Joanna Moncrieff is an eminent British psychiatrist, a founding member of the Critical Psychiatry Network, and the author of several papers and books, including The Myth of the Chemical Cure and Bitterest Pills. I have discussed both of these books on this website, and I recommend them highly. Dr. Moncrieff speaks out clearly and fearlessly about the concepts and practices that drive modern psychiatry.
In both of the books mentioned above, Dr. Moncrieff advocates a shift from a disease-centered model of drug action to a drug-centered model.
On November 21, she opened her own website (joannamoncrieff.com), including a tab to her blog, where you can see her first post. It’s called Models of drug action. In this article Dr. Moncrieff briefly outlines the essential features of the two models.
“The disease-centred model suggests that psychiatric drugs work because they reverse, or partially reverse, the disease or abnormality that gives rise to the symptoms of a particular psychiatric disorder.”
“…the ‘drug-centred’ model suggests that far from correcting an abnormal state, as the disease model suggests, psychiatric drugs induce an abnormal or altered state. Psychiatric drugs are psychoactive substances, like alcohol and heroin. Psychoactive substances modify the way the brain functions and by doing so produce alterations in thinking, feeling and behaviour.”
“The drug-centred model suggests that the psychoactive effects produced by some drugs can be useful therapeutically in some situations. They don’t do this in the way the disease-centred model suggests by normalising brain function. They do it by creating an abnormal or altered brain state that suppresses or replaces the manifestations of mental and behavioural problems.”
“There was not then, and is not now, convincing evidence that any class of psychiatric drugs has a disease centred or disease-specific action.”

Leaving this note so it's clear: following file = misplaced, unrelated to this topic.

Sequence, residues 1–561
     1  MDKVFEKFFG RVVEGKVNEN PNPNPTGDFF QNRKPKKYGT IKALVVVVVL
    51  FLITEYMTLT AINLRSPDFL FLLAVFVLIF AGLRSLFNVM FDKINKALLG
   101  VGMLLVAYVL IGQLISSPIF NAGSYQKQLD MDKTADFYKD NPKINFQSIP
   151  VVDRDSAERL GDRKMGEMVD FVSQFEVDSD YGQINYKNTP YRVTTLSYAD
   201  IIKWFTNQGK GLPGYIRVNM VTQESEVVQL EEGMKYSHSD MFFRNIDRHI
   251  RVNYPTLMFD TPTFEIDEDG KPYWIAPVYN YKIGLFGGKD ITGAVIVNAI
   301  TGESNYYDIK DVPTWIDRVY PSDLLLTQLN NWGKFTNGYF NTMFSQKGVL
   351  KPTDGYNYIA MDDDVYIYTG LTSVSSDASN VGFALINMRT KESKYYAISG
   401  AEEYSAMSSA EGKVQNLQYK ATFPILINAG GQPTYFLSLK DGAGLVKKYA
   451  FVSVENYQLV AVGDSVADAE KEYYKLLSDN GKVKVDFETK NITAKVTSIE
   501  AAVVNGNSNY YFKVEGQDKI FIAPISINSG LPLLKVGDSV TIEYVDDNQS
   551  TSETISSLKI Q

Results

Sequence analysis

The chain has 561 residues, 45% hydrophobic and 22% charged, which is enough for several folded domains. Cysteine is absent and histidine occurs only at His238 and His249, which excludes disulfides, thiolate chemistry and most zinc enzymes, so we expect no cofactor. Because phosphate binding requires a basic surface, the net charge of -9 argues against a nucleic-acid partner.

Dr. Moncrieff concludes the article by expressing the belief that the drug-centered perspective is the more accurate way to conceptualize the matter, and that:
“The drug-centred model focuses our attention on the impact that drugs have on the body and the brain, and on all the possible consequences that drug-induced alterations can have on how people think, feel and behave. It is a necessary starting point for the sensible, cautious and safe use of drugs in mental health services.”
Obviously I have no quibble with the facts that Dr. Moncrieff has laid out in this article. Psycho-pharmaceutical products are essentially on a par with alcohol, nicotine, and street drugs. They are toxic to the brain, and to other organs, and they cause altered states of feeling, thinking, and behaving. In particular, they do not treat illnesses.
Where I have nagging doubts and concerns, however, is in the notion that psychiatry can be rehabilitated by switching from the fallacious disease-centered model of drug action to a drug-centered model.
What’s being proposed here, if I understand it correctly, is that psychiatrists would continue to prescribe these pharmaceutical products, but without the pretense that the individual has an illness which the drugs are treating. Instead, the practitioner and the client would collaborate on identifying the problem – anxiety, say, or perhaps anxiety in certain specific situations. The psychiatrist would explain what kind of drugs might be helpful, including pointing out that the drug is not a medicine, but rather a chemical that induces a feeling of relaxation, and would point out the potential adverse effects. It would then be up to the client to accept the prescription or not. (I acknowledge that this is an over-simplification of Dr. Moncrieff’s position, but I think it does give the gist of the matter.)